In our Three@Three web series this week, Al and Steve are joined by Kerry Freeman, the owner of Free Human. Kerry is an expert in FS culture change. Today we are discussing the 3 factors for success in delivering a change road-map.
Al kicks off by asking, what does a healthy culture look like. Kerry suggests that it's important to recognise that there is no one 'cookie-cutter' answer to the question of what makes a great culture. However, Kerry's favourite definition comes from Carolyn Taylor's 'Walking the Talk'.
Carolyn writes 'Culture, is the patterns of behaviour that are encouraged, discouraged and tolerated by people in systems over time.' Kerry suggests that culture is the personality of the organisation and like human personalities, no one is the same. Organisational culture is based on what the organisation has been through in the past, where they currently are and where they aspire to be.
While there is no one size fits all approach to culture, we can identify aspects that can help make the culture and organisation healthier and healthy organisations tend to be more successful.
Key aspects of a healthy culture:
Action + reflection means organisations can grow and encourage experimentation, which is itself a sign of a healthy organisational culture.
Attaining that ideal organisational culture can be difficult to achieve, the same things that hamper an individuals progress, can be the same things that hold an organisation back. Kerry states that as humans, we are built to be resistant to change and organisations are the same.
Kerry suggests concentrating on 1 thing at a time, as multi-tasking change in organisations does not work. You build a healthy culture, step by step and consistency and diligently until it becomes your organisation's pattern. Perfect doesn't exist when it comes to culture.
Steve asks Kerry, where does the culture start from and how do you go about changing that environment to embrace change. Kerry suggests that the leadership team has a huge influence on this, their individual authenticity and their strategy, have a huge influence and argues that there has got to be a compelling narrative for change. One that reflects where the organisation has come from and the teachings of the past otherwise you run the risk of alienating great swathes of your people. If people don't believe the 'noises' coming from the senior team, if it's not authentic and people don't believe it, it won't change a thing.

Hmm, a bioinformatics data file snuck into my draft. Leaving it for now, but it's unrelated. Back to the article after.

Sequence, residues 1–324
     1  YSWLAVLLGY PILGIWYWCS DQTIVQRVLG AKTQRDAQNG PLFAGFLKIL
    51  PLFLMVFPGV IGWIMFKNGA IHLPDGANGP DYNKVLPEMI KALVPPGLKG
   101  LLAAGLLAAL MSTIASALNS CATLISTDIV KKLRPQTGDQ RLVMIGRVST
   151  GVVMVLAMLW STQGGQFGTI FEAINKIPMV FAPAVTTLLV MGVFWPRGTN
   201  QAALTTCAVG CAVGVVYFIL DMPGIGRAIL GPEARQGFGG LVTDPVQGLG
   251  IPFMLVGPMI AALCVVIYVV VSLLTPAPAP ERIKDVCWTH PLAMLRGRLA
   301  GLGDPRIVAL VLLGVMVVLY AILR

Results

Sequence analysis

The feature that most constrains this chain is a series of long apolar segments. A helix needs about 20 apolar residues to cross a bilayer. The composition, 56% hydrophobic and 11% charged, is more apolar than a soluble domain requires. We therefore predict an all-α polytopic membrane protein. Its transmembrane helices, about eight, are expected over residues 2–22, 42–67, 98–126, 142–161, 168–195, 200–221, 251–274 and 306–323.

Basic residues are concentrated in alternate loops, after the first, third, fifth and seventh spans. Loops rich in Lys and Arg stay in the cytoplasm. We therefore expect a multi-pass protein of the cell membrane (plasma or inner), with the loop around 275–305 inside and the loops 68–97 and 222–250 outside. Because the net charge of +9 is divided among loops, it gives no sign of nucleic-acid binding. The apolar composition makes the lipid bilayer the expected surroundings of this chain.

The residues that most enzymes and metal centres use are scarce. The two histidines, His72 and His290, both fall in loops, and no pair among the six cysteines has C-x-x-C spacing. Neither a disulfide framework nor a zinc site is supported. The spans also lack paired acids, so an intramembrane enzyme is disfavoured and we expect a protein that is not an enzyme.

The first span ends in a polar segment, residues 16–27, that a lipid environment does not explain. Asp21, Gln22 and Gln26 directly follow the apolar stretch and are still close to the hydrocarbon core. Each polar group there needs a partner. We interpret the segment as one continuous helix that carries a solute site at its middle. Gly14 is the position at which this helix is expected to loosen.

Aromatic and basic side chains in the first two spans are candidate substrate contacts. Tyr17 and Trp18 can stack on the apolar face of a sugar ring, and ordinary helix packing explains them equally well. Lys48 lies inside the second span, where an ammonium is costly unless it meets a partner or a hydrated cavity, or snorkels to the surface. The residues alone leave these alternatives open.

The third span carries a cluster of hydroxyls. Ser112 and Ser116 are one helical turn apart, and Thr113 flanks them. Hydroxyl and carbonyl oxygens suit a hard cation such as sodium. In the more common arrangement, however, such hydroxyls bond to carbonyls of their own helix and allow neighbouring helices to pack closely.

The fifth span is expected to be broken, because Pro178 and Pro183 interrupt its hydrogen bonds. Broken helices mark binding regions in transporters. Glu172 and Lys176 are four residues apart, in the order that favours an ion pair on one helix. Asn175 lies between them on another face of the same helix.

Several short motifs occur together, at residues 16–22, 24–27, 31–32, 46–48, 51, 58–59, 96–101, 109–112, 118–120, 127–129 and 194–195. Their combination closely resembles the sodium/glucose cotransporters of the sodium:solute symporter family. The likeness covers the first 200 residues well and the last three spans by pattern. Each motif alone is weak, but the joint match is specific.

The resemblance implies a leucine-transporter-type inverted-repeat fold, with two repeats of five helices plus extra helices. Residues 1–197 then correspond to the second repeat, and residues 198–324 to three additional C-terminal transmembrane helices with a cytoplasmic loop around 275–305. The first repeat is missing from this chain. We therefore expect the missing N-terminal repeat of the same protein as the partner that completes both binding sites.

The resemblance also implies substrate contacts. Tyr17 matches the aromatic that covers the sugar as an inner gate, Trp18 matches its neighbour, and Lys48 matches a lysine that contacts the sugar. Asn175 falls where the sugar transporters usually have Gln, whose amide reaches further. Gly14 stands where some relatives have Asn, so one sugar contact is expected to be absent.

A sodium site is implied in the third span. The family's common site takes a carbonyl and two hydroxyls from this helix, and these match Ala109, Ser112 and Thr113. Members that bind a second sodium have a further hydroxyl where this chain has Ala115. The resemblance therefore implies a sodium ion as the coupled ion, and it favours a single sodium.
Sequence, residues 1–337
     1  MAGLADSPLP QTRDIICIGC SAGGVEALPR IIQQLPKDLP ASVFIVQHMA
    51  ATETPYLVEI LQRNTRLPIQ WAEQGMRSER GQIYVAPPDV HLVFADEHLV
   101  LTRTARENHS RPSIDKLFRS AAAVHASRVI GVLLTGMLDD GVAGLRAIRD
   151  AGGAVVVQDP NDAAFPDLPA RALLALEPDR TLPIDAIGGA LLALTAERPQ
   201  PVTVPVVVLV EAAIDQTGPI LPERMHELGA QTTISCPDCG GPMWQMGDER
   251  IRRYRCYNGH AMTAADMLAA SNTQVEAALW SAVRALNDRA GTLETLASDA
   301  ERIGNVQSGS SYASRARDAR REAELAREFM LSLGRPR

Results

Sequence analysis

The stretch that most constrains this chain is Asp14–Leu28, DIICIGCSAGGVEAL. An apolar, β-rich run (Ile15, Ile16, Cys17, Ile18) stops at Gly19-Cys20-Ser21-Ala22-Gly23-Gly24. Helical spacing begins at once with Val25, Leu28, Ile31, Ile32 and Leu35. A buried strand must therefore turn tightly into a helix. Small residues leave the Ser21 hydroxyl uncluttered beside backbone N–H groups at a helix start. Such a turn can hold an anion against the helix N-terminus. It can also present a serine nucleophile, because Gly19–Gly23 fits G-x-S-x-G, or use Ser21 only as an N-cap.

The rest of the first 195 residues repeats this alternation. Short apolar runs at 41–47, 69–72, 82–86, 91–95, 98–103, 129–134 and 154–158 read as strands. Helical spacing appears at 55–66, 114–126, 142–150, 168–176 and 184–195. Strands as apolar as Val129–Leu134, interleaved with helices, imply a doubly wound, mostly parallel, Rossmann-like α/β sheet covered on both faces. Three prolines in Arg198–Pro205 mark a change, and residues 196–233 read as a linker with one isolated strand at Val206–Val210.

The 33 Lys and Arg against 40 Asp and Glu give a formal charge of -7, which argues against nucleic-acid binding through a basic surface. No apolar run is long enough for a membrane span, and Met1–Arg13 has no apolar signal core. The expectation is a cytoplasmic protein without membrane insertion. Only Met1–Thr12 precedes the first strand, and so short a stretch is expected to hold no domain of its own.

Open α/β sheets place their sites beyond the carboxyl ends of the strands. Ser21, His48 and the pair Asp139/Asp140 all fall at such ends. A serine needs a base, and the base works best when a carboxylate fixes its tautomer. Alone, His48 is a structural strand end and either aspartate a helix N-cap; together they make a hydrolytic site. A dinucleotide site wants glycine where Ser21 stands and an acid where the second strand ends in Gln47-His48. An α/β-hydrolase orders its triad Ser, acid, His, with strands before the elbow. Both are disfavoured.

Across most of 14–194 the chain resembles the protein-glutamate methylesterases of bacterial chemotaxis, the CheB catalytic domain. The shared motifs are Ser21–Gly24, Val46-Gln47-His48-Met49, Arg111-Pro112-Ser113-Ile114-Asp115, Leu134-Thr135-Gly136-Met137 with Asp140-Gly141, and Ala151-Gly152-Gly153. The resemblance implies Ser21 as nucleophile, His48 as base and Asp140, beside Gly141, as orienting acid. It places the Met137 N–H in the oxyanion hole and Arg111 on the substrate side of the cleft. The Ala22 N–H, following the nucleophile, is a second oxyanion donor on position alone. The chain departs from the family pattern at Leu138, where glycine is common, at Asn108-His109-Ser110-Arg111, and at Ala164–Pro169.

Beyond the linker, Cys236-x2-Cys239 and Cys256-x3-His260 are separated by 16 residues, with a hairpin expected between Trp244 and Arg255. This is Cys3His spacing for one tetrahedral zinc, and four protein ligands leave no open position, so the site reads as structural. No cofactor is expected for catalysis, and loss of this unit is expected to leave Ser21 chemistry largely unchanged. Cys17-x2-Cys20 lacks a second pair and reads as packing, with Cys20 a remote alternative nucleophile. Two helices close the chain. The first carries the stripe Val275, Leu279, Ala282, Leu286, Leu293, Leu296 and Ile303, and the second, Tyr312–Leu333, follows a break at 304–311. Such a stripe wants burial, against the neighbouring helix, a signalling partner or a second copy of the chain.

We ask how can experimentation facilitate that change and help move a culture within an organisation? Kerry suggests avoiding the 'from-too' approach. Instead identify all of your patterns of behaviour that you reinforce, what are your common patterns?
With experimentation, you are looking at your common patterns, either to disrupts unhealthy patterns or reinforce 'virtuous' and desirable ones. Experimentation can take the pressure off, it is not about the right and the wrong, it's about the journey. and requires a lot of observation and reflection. Steve suggests that the drive for organisations to 'get stuff done' (GSD) can interfere with that important observation and reflection piece and because of the 'GSD' mindset, organisations don't feel like they have the time to experiment. Steve suggests that rather than being wasteful, the reflection piece is incredibly important.
Kerry suggests that when you are planning an experiment, you need to let go of your expectations on what is right and wrong and keep your options open. As well as managing your experiment and consider the learning experience, to get the most useful data out of the experiment. The first step is noticing the patterns, which is the most powerful aspect of culture change programs. By identifying and writing down a cultural pattern, you take the power out of that pattern, purely by observing it. Start small with something safe and something that you can easily observe.